Seventh Sunday in Ordinary Time – Year C
February 20, 2022 – 10:30 AM
Saint Cecilia Catholic Community
Rev. David Justin Lynch
2 Samuel 26:2;7-9;12-13;22-23 | Psalm 103;1-4;8;10;12-13
I Corinthians 15:45-49 | Luke 6:27-38

+ In the name of the Father, and of the Son, and of the Holy Spirit, AMEN.

I am a news addict. I watch several hours of television news every day. Throughout the day, I constantly check various news websites to keep up to date on what’s going on. And my undergraduate degree from the University of Pittsburgh is in Communications, a fancy word for journalism. In fact, I worked in the news business, both print and broadcast as a college student and thereafter, but never made a career of it, principally because the dirt-cheap salaries paid to beginning reporters could not support my desired standard of living.  Nonetheless, my assiduous devotion to the news media serves me well in providing material for my homilies.

Many newscasts and newspapers lead with stories of violent crime. The theory is that the more blood that is spilled, the more people will watch you on television or buy your newspaper. Inevitably, the stories include interviews with victims or their families. Those interviews have a common theme that goes something like, “This bad person wronged me or my family member, and I want that person punished as severely as possible.”

I really can’t blame victims for feeling that way. Such a reaction follows the gut instinct of human persons. We can see that in nearly every human society, criminals are punished, sometimes by killing them by way of capital punishment.

The corollary of that idea is the inaccurate notion that societies that coddle criminals have more crime and that the threat and/or reality of severe punishment will mean less crime.  Just this week, I read in the Los Angeles Times that crime victim rights groups are pushing a new initiative to modify Proposition Forty-Seven that was passed by voters in twenty-eighteen to reduce certain crimes from felonies to misdemeanors. Public perception is that the recent increase in crime arose from those reductions. However, as is usual for many political issues, the proponents of enhancing punishment do not give us an objective and detailed factual analysis showing cause-and-effect.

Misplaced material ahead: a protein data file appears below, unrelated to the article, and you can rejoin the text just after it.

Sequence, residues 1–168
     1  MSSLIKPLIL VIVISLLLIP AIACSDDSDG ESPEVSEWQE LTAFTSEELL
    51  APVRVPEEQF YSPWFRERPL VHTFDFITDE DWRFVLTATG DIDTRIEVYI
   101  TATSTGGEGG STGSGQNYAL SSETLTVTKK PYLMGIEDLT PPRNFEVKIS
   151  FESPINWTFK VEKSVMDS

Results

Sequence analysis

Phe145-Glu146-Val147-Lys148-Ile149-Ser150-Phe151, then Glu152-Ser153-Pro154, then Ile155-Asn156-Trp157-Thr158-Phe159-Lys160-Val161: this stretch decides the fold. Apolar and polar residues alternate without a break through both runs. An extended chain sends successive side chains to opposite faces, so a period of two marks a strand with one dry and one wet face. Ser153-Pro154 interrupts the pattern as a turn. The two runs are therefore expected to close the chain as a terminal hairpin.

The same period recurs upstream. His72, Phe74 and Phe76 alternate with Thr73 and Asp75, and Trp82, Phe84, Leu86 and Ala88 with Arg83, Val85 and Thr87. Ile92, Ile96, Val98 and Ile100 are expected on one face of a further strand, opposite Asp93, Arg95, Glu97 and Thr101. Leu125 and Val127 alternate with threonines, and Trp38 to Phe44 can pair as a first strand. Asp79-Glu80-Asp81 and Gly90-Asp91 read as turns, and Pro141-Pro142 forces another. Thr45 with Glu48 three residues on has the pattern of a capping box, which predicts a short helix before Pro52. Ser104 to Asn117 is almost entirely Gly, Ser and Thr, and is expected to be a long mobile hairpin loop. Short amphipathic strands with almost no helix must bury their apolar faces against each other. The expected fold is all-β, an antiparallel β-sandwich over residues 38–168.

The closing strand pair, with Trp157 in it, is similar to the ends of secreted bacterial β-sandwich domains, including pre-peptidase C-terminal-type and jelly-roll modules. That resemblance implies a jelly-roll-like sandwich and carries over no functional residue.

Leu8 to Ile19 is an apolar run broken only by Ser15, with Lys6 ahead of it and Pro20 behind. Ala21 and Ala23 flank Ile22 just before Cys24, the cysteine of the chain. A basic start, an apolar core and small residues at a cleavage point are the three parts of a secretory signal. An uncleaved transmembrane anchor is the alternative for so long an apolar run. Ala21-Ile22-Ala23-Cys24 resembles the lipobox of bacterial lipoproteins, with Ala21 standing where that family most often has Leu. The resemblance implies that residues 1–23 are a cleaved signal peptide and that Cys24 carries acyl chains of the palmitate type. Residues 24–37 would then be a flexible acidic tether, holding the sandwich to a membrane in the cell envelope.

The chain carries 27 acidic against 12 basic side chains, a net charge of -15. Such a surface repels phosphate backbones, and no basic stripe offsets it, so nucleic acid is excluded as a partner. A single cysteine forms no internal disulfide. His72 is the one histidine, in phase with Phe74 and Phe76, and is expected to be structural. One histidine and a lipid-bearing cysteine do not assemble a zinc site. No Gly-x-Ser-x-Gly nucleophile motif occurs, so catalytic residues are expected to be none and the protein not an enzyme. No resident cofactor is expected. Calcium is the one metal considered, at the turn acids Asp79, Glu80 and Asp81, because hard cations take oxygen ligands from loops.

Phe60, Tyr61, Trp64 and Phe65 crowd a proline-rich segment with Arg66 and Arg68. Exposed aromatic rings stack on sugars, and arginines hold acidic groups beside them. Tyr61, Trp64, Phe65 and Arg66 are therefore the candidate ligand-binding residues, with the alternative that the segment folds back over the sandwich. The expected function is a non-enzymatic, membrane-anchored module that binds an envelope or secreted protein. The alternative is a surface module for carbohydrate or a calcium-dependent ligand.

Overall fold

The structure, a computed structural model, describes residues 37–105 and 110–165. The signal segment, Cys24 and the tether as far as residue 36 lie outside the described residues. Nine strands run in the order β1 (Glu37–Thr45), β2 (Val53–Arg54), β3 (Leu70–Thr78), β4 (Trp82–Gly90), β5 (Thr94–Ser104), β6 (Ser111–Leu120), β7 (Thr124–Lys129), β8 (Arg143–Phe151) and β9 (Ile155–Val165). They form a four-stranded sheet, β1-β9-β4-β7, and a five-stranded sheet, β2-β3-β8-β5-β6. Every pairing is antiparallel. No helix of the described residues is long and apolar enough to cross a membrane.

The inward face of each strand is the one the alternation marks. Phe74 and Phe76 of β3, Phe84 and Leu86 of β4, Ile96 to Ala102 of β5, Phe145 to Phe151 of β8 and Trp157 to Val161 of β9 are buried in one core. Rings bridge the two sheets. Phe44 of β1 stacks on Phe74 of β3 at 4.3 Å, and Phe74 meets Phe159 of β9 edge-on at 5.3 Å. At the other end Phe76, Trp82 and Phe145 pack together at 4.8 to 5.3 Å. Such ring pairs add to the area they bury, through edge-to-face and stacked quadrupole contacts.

The theory that punishment will eliminate crime is pure folly. If it did, we would have zero crime, which we don’t. Thus, it is a theory based on instinctive emotions and cultural expectations, not objective facts. While incarcerating people removes dangerous people from the streets, the very high recidivism rate for former prisoners tells us that prison often does not change inmate behavior once they are released. Yet we have people punishing other people as some sort of a moral imperative to “do justice.”

Much of my preaching has portrayed Jesus as an agent of substantial change for the way people relate to each other. Today’s readings are no exception.

The message of Jesus is clear: don’t punish or retaliate against people who wrong you. Instead, love them. For many people, however, including myself at times, this is a hard message to accept and practice. Such is true for much of what Jesus wants from us.

The visceral reaction to someone who wrongs us or does something we find reprehensible is based on our judgment of that person, our determination that a particular person is a bad person. We often investigate to uncover facts favorable to us to support our position instead of getting the facts first and then forming an opinion.

Judgmentalism is often ascribed to solely our conservative sisters and brothers.

For example, they are known for their condemnation of same-sex relationships and a plethora of other issues relating to sexuality based on a literal interpretation of scripture, which in and of itself is defective, and scientific ignorance.

Another example is their disapproval of racial minorities based on negative stereotypes such as calling Mexicans lazy, when in fact, Mexicans work very hard and work very well.

But conservatives are not alone in their judgmentalism. Progressives do the same thing with their “cancel culture” elevating political correctness to quasi-biblical status.  What is “cancel culture”?